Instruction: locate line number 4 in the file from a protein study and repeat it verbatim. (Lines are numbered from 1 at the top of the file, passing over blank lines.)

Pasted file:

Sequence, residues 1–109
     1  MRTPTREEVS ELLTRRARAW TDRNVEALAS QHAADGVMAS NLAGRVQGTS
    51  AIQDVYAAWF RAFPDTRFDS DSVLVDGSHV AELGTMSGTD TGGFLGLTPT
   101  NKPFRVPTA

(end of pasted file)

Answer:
   101  NKPFRVPTA